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These three articles about “fertility” windows, not for parents but for extended family, are loaded with assumptions about their subjects’ class, income and educational levels - as well as the assumption of a 2-parent family. If 36-40 is too “old” to start trying for kids, why is 23 and under too “young”? (A family friend of ours is dismayed by her 3 of her 4 grandchildren having young children, but they all became parents at age 21 or older, not as teenagers - the same age she had her first child in the 1960s.) Is the “right” age to have children really only 28 to 33?

The grandparent handwringing doesn’t apply to me - my mother got her 2 grandchildren at age 58 and 62. It makes me think of my own parents however, who didn’t get around to having me until past age 35, late in life indeed for the mid 1970s and in our geographical area. My grandparents were ages 64 to 73 by the time I came along, and I was lucky in that I remember my maternal grandparents well, both of whom lived to their 90s and were pretty healthy at least until my teenage years. If there were scare articles like this when my parents were young, what would they have done about having children, I wonder?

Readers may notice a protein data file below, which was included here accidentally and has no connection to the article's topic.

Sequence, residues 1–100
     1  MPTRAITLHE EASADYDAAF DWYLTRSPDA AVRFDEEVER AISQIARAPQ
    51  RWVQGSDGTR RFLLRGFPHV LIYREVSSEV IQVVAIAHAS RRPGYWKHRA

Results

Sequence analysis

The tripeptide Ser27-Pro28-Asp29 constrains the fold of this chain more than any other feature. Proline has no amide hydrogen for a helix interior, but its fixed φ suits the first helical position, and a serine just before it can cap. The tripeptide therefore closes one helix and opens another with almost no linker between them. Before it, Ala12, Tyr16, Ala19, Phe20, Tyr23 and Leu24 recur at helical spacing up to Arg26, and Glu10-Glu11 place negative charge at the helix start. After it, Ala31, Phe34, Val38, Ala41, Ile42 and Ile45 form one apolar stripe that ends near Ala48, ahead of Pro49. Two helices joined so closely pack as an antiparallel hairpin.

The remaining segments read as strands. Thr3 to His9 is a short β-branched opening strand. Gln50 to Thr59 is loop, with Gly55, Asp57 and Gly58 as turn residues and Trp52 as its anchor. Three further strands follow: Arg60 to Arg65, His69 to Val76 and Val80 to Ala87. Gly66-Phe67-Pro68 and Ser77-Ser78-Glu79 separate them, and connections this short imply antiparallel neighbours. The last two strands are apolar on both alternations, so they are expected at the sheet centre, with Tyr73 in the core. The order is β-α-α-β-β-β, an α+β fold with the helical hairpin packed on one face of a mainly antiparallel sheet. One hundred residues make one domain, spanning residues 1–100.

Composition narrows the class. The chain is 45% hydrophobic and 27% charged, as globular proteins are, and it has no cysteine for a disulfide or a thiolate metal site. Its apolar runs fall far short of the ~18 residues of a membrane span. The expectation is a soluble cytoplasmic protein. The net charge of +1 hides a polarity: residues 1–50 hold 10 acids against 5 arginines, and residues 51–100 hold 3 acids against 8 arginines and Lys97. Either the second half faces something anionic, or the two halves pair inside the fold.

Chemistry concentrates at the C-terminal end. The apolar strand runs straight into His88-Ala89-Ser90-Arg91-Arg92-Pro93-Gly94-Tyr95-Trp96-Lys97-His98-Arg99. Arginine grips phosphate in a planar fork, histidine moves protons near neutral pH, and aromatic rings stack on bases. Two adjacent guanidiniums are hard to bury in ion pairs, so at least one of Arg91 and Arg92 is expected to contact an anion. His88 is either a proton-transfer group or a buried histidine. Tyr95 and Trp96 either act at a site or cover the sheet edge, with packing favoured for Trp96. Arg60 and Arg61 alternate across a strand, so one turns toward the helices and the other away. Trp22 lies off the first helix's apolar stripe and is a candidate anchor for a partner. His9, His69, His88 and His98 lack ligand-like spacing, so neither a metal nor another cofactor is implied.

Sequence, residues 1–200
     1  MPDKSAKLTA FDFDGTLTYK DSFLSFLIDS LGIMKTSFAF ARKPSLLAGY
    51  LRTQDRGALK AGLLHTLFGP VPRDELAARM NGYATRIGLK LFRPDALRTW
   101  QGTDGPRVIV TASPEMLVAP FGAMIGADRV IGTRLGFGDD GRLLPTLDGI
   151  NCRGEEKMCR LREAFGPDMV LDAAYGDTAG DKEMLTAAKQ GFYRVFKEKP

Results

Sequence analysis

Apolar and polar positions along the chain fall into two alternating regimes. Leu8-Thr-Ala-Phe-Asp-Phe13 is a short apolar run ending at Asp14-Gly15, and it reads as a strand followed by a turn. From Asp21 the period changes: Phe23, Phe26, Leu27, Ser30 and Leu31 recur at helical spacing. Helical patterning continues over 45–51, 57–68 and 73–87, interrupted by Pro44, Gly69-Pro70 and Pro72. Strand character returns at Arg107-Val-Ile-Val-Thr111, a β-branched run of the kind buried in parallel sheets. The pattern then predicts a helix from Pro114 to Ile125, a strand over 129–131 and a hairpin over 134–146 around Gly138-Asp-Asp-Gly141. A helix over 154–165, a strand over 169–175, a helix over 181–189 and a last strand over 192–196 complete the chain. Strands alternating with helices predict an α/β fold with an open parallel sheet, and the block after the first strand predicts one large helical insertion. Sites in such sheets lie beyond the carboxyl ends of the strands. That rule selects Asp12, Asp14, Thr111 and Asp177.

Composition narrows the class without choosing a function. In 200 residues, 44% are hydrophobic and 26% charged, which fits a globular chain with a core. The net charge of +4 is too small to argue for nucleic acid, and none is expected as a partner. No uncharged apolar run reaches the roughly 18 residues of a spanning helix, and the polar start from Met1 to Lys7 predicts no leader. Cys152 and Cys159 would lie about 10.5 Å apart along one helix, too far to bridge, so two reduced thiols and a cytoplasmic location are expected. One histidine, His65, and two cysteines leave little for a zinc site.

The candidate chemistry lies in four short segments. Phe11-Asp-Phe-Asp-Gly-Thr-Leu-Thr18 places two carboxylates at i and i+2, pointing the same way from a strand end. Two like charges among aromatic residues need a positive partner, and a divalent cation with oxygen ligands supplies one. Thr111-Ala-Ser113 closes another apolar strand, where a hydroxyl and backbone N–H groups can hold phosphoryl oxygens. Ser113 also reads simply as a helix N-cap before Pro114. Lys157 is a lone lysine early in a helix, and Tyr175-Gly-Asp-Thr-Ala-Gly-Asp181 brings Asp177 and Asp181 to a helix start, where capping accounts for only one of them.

-Would my dad not have married his first wife, who later died of lupus and was never healthy enough to consider parenthood? How could he have predicted she would get the diagnosis she did (this was long enough ago that she was told being sick “was all in her head”).

-Should my mother have stayed in her first marriage, which she cheerfully calls a “disaster” to this day, and had more children when she was younger (before age 30) with a man who was a terrible partner for her? She had two children with him that she ended up raising by herself because he wasn’t a guy who was equipped to be a decent father, even by 1970s standards. She divorced him at 28 and married my dad at 33. Not really procrastination so much as “trying to find a good family situation for herself.”


-Friends of mine have two young children now, in their late 30s, with parents in their 60s, only to find that they’re much more interested in traveling during their retirement than in grandkids. This may change when the kids aren’t babies anymore, or it may not. (The kids have honorary grandparents to full that role.) Another friend’s mother is trying her hardest to be our culture’s idea of the “right” grandma - warm, fuzzy and cuddly, and she just isn’t. She simply prefers adults to children, in spite of being a mother and grandmother herself.

Families - so much complicated than the media would have you believe!

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